Crash test rating organisations and the Chinese manufacturers have not always seen eye to eye, and, as yet, the new Steed’s rating has not yet been announced by ANCAP.

xThe 2016 version’s safety features list suggests it would go closer to a five-star ranking (it’s last test some time ago yielded two stars), but the new model now includes six airbags, stability and traction control, tyre pressure and temperature monitoring.

There’s also a full-size spare wheel, automatic headlights and rain-sensing wipers, an auto-dimming centre mirror, halogen headlights, LED tail lights, daytime running lights, front fog lights, hill-start assist, lap-sash seat belts for all five occupants, rear parking sensors, but, as mentioned previously, no standard reversing camera.

The headlights are below par on both beams, and even at the highest point of adjustment were too low. The forward illumination also suffered in automatic mode as it refused to implement high beam – finally accomplished by switching to manual lighting mode. The car also kicked off warning chimes for the lights being left on when in full automatic mode.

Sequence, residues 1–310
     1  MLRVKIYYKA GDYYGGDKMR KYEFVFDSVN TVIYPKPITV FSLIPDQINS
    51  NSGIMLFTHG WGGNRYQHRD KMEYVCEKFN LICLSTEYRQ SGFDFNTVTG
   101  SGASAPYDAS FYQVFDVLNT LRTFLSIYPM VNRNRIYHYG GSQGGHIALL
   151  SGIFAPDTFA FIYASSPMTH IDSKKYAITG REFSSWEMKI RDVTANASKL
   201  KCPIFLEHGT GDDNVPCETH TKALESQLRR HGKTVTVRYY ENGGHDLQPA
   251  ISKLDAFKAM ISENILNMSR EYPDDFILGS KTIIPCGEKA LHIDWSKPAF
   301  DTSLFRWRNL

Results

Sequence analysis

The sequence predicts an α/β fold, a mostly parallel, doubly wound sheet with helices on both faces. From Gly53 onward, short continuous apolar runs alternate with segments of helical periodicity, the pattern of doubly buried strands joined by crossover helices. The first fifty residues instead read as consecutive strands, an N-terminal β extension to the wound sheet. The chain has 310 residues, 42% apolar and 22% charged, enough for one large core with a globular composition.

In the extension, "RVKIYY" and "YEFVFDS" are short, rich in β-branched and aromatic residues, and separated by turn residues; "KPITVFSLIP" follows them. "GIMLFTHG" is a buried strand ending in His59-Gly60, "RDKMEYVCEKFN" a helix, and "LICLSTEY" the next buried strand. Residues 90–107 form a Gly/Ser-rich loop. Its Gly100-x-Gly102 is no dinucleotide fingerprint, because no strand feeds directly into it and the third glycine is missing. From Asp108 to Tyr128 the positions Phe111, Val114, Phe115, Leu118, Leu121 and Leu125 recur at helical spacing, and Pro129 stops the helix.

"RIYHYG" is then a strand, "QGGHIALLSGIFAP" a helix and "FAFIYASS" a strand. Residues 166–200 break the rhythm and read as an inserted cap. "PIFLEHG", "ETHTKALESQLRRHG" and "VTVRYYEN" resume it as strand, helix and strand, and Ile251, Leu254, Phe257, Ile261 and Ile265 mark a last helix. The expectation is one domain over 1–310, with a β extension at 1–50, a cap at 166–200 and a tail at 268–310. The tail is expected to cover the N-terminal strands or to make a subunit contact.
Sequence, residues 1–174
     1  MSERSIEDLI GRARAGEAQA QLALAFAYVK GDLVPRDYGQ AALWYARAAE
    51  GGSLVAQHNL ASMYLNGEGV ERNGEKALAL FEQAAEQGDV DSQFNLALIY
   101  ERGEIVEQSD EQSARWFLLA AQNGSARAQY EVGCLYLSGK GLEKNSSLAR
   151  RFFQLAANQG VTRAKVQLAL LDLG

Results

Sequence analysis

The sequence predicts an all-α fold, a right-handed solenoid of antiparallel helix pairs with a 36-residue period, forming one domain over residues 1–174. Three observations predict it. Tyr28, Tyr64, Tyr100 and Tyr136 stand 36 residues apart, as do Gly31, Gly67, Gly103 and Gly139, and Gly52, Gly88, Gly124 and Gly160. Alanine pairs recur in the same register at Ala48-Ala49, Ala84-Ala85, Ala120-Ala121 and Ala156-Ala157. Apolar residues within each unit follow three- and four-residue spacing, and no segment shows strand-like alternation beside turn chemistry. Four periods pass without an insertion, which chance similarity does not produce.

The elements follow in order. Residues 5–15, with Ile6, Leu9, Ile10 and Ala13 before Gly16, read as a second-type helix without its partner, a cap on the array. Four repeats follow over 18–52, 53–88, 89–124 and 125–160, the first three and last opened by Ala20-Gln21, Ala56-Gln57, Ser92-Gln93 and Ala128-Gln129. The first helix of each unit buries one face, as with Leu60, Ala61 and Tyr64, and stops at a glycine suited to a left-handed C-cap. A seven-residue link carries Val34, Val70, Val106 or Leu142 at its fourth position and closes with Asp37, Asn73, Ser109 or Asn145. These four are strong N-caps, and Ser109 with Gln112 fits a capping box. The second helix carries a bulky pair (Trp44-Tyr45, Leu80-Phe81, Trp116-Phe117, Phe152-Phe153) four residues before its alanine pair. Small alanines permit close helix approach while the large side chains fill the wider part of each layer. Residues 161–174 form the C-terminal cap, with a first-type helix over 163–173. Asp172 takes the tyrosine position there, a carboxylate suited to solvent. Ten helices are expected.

Servicing with a capped-price scenario is not available, but attention is needed every 12 months or 15,000 km, while the manufacturer covers the vehicle with a three-year/100,000-km warranty, which includes three years free roadside assistance from the resurrected dealer network now numbering more than 50 outlets.

It may well fall to the Mahindra Genio dual-cab to go head to head with the Steed, given it’s priced from $27,990, as the odd-looking ute from Mahindra drives better than many expect, while offering better interior space. Like the Steed, it isn’t over-endowed with horsepower, but the Genio is a reasonable alternative for the outlay.

A budget stretch into the $30-40K range is the alternative, into the likes of Mitsubishi’s Triton GLX+ dual-cab, which is sharply priced from $36,990, or an Isuzu D-Max SX dual-cab, from $42,900.

Both the Triton and the D-MAX will deliver around 130 kW and decent amounts of torque – 380 Nm for the Isuzu or 430 Nm for the Mitsubishi – as well as automatic options and better towing capacities.

There’s obvious improvement from the Great Wall breed with its new Steed, but it still has some way to go before it starts to cause serious concern for other LCV brands. Drivability remains an issue in comparison to the ever-improving segment leaders, and, while it is priced to attract buyer interest, its powerplant and capacities fall short.